Chief Development Officer, Wilder Institute
“Conservation leaders at the Wilder Institute believe that to protect biodiversity and wildlife, conservation science must be inclusive — and irresistible.”— Steven Ross
As relationships between wildlife and human life become increasingly frayed, the need to restore biodiversity and protect wildlife has never been more urgent — but a rethink is needed.
At Canada’s Wilder Institute, we believe that to take the action necessary to sustainably restore biodiversity, we need to interrupt the widely-held perception among the public, governments, and philanthropists that conservation’s purpose is to only protect wildlife and wild places. The true purpose of conservation is to create lasting change and impact. To do that, conservationists must consider the needs of all living things, including the only species able to laugh and cry: us.
This work is making a difference. We must remember that we’re not powerless — far from it.
A new kind of conservationist
What do we need to do differently? That’s what we asked ourselves. The answer was right there in front of us, in the outcomes of our collaborative work in conservation translocation and community conservation. Simply put, we’ve learned over 30 years that restoring balance between wildlife, wild places, and human life, and sticking the landing, means embracing the reality that home is where wildlife belongs, but that home is where people belong, too. We must co-exist — not build fences. As conservationists, we’re applying our science to develop common-ground solutions that recognize what wildlife and wild places need to thrive naturally, and what humans need to feel at home on the planet we share. Out of this rethink, a new kind of conservationist was born — a wilder one.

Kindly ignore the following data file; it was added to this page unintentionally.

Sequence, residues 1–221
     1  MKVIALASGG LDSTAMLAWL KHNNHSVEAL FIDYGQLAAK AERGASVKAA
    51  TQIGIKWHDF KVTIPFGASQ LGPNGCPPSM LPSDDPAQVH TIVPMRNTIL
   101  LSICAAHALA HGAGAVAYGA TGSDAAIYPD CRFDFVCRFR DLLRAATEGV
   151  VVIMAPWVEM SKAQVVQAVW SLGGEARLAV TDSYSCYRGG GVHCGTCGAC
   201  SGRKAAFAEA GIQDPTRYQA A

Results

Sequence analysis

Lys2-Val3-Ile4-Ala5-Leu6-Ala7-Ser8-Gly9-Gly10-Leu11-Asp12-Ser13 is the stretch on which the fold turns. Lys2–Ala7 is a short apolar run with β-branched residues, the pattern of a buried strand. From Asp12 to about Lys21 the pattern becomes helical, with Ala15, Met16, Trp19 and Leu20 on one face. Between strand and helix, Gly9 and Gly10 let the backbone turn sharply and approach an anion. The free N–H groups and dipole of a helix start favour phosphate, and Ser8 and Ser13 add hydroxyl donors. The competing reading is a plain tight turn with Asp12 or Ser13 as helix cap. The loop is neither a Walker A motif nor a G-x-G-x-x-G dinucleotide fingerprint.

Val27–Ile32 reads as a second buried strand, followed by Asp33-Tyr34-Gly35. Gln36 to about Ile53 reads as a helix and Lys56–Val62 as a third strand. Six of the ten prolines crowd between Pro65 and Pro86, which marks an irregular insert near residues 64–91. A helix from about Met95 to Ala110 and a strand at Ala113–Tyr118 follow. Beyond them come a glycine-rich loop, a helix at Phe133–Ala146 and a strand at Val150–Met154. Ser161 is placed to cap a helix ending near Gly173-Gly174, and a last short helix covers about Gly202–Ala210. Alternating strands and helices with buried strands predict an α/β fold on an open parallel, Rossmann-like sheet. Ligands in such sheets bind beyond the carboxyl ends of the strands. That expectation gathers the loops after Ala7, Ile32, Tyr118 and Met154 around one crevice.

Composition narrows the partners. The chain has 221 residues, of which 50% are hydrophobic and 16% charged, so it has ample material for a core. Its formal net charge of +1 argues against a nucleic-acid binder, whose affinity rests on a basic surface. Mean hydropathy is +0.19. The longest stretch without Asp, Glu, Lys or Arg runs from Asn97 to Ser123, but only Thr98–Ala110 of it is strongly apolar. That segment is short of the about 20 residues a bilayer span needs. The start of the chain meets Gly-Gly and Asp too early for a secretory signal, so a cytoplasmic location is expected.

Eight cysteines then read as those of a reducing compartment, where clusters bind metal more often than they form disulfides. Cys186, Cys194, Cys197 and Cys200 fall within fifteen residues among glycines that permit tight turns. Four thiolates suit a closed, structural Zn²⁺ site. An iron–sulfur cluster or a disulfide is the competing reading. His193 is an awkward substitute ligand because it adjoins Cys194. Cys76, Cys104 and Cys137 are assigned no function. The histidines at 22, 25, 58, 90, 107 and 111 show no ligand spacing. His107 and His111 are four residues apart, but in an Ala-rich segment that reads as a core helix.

Working to serve nature and people
Communities neighbouring wildlife habitats have development aspirations but also face economic pressures. Our work strives to empower local communities with the tools, resources, and expertise to steward their own natural resources to benefit both nature and their communities. This work is making a difference. We must remember that we’re not powerless — far from it. The world isn’t falling apart in front of our eyes so much as it’s falling into our hands. Right now, Wilder Institute teams are on the move, reintroducing 15 endangered species to the wild in Canada and abroad and partnering on many more projects. We’re balancing our wildlife conservation with community conservation. But we cannot do this work alone. And we cannot do it without you.